The Aphids family is the most common enemy of the small-time orchid grower, with mealybugs and scale insects on the front line. Even a small infestation of either of these can leave your orchid with marred leaves, and a larger amount of soft scale can kill the plant altogether.
Soon enough, paranoia will have you reaching for the insecticide spray. Chances are you’ll either get rid of scale on your Phalaenopsis orchid or you’ll get the bugs to develop resistance to the insecticide. In both cases, you will release a ton of chemicals that you, your pets and your plant will have to breathe long after the orchid scale treatment is over.
By no means does that imply you should leave your plant to fend for itself. There is a true, tested, safe aphid control method out there – it’s isopropyl alcohol.
How to Use Alcohol on Orchids Indoors
Rubbing alcohol is an effective pest prevention and pest control method against aphids, mealybugs and, thankfully, soft scale insects. While it still might slightly dehydrate the houseplant, it’s safe to use on indoor orchids because it, unlike chemical insecticides, isn’t toxic.
Naturally, it’s not a good idea to apply alcohol directly to your orchid’s leaves. There are two ways to use isopropyl alcohol to get rid of orchid pests:
- Alcohol on a Cotton Swab:
Take a piece of cotton and soak it in alcohol ( 70% isopropyl alcohol ), then press it directly against the orchid pests. It works especially well for boisduval scale, spider mites, mealybugs and aphids.
Press lightly several times on each insect you find to make sure that the alcohol dissolves its waxy covering.
Apply the alcohol thoroughly on all parts of the orchid, especially leaf crevices, sheaths, midrib and leaf edges.
- Orchid Alcohol Spray:
Mix isopropyl (rubbing) alcohol with a few drops of soap. You can use either regular mild liquid soap or a specialised insecticidal soap. Put the mix in a misting bottle or a pump sprayer. Do not put more than a few drops of soap, however, to avoid damaging your orchid’s flowers and buds. Also refrain from using water in the mix, because mealybugs and soft scales have a water-repelling coating over their bodies.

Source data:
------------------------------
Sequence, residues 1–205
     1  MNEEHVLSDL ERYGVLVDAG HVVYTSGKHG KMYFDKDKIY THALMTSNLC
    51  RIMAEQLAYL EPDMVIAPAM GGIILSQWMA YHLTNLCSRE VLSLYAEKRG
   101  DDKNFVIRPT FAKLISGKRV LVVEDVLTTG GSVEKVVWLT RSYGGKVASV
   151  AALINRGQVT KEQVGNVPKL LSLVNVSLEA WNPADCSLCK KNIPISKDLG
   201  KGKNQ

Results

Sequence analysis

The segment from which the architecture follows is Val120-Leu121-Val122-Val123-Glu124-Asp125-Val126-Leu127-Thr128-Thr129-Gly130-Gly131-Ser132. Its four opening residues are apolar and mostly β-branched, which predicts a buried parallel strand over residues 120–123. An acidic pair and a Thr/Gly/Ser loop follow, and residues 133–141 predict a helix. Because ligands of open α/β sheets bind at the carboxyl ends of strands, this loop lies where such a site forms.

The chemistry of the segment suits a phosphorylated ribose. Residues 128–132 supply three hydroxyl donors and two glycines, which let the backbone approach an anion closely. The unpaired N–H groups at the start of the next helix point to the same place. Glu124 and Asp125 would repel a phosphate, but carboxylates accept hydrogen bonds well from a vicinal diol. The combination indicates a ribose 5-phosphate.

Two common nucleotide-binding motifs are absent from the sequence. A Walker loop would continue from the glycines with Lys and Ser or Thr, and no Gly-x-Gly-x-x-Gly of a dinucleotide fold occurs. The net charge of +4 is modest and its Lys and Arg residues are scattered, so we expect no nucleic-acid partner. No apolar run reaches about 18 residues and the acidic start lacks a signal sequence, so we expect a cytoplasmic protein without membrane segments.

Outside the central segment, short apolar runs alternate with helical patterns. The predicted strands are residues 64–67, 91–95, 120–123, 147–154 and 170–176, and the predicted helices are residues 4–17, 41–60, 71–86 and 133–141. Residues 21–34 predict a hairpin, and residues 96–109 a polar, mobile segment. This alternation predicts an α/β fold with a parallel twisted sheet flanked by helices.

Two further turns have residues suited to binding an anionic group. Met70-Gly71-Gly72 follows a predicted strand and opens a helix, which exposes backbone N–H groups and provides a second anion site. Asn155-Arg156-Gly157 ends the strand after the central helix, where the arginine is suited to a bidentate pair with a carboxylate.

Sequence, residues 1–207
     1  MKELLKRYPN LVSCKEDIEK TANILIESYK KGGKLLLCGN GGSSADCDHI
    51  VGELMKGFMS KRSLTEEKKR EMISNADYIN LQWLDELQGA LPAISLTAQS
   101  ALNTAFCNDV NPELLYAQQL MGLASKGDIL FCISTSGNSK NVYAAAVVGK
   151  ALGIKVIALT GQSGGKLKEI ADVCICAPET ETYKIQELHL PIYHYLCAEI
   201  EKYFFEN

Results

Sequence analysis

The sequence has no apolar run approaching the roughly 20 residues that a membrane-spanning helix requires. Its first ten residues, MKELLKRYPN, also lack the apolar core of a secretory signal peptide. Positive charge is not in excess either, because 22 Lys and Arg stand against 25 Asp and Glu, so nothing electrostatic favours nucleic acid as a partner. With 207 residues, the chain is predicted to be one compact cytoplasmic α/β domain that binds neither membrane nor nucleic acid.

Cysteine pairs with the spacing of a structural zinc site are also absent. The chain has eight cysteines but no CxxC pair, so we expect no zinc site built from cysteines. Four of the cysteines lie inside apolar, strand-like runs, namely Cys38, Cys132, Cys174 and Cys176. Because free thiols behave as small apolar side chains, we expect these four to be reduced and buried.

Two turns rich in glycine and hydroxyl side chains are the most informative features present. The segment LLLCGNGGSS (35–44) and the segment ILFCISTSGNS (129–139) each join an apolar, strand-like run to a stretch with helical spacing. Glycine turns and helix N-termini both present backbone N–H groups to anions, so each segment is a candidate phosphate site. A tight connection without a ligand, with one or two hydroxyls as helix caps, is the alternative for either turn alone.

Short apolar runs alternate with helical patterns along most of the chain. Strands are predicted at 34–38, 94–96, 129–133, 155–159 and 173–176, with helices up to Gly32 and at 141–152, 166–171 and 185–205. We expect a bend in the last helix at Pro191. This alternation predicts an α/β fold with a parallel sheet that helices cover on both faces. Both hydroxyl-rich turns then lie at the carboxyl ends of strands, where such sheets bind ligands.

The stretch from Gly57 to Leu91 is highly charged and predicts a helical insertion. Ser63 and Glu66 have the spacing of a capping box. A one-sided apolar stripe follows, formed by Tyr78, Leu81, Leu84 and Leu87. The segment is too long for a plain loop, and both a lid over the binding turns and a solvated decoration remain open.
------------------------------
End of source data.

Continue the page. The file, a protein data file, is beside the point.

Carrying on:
Tips for Using Orchid Alcohol Pest Control
- Repeat the pest treatment in intervals of 7 to 10 days. This way you will kill off any generations of the orchid pests and will make the treatment effective. Repeat three to four times, depending on what’s necessary.
- Reach every area of the orchid where pests might be hiding. This part takes time and patience but is crucial to the success of the pest control treatment.
- Don’t wait for the infestation to become serious before taking measures. Apply your homemade orchid insecticide as soon as you notice any sign of pests. For mealybugs, for example, look for glistening marks on the foliage if you want to spot them early on.
- Clean garden tools with alcohol regularly, if you’ve used them on infected houseplants. That will lessen the chances of the pest infestation spreading.
- Repotting the indoor orchid will remove pest eggs. If changing the pot, gently clean and spray the roots of the orchid to remove mealybugs and scale insects.
- Keep your orchid healthy and your growing area clean. Damaged buds, dead leaves and other green waste should be regularly cleared out.
- Never bring in an infested orchid into your home and orchid collection! Pest control experts advice: “Inspect a plant for mealybugs before bringing it into your house or greenhouse, remove dead leaves and prunings regularly.”
- If you find pests, isolate the infested orchid at once!
- Check your growing area and orchid collection for pests at least once a week.
- If the infestation is out of control and you plan on using pesticides, first test it on a small area to determine side effects. It’s also a good idea to switch pest control methods and insecticides, so that the orchid pests don’t develop resistance. That would make your life ten times worse!
About the author:
Margaret grew up in a home with a ‘greenhouse’ bigger than her own bedroom and learned many of the the tricks of indoor gardening. She is personally taking care of a pink Phalaenopsis orchid at the moment and is doing her best to take good care of it. Her experience with pests, unfortunately, doesn’t end with gardening. She’s single-handedly gotten rid of ants and fleas with DIY pest control methods. She’s had to use her knowledge in the past few months, as she’s working part time for a London pest control company, writing content about pest prevention and pest management.
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